Located on the edge of the Texas Panhandle, the Rita Blanca Aquifer provides water to Dallam County; it also spans Hartley County, though Hartley residents do not use its water. The aquifer is primarily used for irrigation. It is also a major source of water for the town of Texline. The aquifer is located within the Ogallala Formation, a major geological formation that spans Texas, Oklahoma, New Mexico, Colorado, Kansas, Nebraska, Wyoming, and South Dakota. The portions of the Ogallala that make up the Rita Blanca aquifer are the Mesa Rica, the Lytle Sandstone, the Romeroville, the Morrison Formation, and the Exeter Sandstone. All of these structures date back at least as far as the Cretaceous Era.
The Rita Blanca aquifer is made up of clay, shale, conglomerate, limestone, and fine- to medium-grain sand. The aquifer's thickness ranges as high as 250 feet, though the portions that are saturated with water average only 180 feet. Thickness increases in the portions that overlap with the nearby High Plains and Dockum aquifers.
Most of the Rita Blanca's water is fresh, containing less than 1,000 milligrams of total dissolved solids per liter of water. Certain portions of the aquifer, however, are saline, containing more than 1,000 milligrams of total dissolved solids; this makes them unsuitable for irrigation. The water is also very hard, meaning it contains large quantities of minerals, most of which are harmless.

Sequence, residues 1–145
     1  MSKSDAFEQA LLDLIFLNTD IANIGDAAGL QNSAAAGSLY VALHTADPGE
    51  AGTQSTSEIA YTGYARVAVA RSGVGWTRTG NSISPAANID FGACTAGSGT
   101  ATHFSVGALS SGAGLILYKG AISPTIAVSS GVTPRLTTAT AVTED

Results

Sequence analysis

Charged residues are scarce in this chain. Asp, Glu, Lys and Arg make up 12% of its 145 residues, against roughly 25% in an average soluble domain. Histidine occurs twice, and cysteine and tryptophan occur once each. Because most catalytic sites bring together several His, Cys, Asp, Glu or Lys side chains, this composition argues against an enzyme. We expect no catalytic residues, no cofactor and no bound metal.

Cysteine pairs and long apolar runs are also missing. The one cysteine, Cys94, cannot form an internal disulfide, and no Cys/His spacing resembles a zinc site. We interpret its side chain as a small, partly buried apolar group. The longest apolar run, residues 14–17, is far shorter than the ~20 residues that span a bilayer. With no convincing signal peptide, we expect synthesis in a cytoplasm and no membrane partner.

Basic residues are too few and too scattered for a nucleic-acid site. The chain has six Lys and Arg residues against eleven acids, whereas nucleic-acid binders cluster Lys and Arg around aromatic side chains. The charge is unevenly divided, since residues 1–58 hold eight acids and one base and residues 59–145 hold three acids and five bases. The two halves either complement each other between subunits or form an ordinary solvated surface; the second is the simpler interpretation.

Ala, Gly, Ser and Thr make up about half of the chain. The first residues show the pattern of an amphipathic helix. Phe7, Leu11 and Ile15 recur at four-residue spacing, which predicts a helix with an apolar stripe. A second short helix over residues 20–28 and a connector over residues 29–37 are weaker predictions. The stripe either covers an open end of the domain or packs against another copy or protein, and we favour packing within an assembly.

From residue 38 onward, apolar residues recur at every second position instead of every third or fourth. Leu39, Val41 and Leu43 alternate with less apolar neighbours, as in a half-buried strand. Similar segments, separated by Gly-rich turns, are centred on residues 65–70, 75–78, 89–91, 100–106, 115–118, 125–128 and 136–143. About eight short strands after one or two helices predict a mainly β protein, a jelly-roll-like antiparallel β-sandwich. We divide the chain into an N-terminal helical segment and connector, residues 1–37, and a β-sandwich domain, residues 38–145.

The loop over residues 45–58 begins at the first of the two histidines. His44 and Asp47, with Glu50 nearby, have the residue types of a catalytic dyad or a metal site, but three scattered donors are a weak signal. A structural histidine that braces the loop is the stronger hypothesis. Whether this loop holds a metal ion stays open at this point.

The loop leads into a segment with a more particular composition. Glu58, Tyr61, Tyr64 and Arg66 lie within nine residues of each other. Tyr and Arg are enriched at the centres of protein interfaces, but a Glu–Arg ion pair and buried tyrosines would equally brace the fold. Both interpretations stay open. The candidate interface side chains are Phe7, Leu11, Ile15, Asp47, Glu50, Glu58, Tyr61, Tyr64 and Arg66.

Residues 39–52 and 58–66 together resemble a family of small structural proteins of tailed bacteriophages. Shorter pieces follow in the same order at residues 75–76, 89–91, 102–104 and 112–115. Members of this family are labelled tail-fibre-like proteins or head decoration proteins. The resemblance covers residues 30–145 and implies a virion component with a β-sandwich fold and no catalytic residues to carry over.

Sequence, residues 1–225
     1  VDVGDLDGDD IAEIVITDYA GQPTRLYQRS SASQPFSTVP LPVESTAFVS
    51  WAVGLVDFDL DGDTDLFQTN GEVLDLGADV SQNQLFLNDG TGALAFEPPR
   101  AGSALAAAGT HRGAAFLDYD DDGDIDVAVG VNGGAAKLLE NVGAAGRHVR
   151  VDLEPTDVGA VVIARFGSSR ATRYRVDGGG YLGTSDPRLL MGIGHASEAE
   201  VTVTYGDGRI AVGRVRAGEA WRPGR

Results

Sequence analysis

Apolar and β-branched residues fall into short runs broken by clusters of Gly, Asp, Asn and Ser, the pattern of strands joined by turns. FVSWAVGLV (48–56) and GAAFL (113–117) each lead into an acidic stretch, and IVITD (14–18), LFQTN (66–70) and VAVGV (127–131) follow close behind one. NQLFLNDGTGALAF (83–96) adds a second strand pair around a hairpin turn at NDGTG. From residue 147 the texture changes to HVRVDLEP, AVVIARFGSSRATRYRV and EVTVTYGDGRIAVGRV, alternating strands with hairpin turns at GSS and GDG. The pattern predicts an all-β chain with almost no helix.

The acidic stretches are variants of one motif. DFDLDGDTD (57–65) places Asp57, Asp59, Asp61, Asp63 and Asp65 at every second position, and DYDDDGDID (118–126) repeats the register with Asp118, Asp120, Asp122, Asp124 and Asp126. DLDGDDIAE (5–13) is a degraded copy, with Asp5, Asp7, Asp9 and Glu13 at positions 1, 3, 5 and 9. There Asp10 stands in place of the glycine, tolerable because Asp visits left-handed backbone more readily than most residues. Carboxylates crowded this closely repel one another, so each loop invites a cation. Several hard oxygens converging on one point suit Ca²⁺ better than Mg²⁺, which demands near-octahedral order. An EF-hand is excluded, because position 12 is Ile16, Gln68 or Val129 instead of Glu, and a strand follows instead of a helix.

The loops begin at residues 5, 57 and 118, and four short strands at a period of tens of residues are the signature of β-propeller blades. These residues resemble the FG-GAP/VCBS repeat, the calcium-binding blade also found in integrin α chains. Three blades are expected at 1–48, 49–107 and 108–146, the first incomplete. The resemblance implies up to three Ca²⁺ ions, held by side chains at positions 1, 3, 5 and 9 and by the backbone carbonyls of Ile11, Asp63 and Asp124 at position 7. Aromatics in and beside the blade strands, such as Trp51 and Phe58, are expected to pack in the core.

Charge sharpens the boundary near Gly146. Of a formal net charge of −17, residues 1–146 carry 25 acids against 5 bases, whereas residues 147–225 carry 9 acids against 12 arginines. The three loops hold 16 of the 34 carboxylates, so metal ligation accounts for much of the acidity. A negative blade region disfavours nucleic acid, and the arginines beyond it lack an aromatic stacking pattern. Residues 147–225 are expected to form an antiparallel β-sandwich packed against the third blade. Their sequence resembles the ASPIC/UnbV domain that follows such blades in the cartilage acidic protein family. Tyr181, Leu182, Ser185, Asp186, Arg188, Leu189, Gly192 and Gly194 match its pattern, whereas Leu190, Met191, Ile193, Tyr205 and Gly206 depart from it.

The Rita Blanca gains most of its water through lateral flow from nearby aquifers in New Mexico and Colorado, as well as from the High Plains Aquifer. The aquifer's recoverable storage is not yet known. Wells in this aquifer are highly productive, with yields as great as 500 gallons per minute. Yields are highest around the Lytle Sandstone and Mesa Rica portions of the aquifer. In 1985, the aquifer was producing nearly 5 million gallons of water each day, most of which local farms used for irrigation.
In recent years, Texas authorities have grown concerned with declining water levels in the Rita Blanca Aquifer. In some areas, water levels have decreased by as much as 50 feet. Many of Dallam County's streams have dried up as a result. In response, the Panhandle Water Planning Group has launched an effort to conserve the Rita Blanca's water. It has limited local developers to withdrawing no more than 1.25% of the saturated portions of the aquifer, with the goal of having at least 40 percent of the aquifer's storage remain within 50 years.
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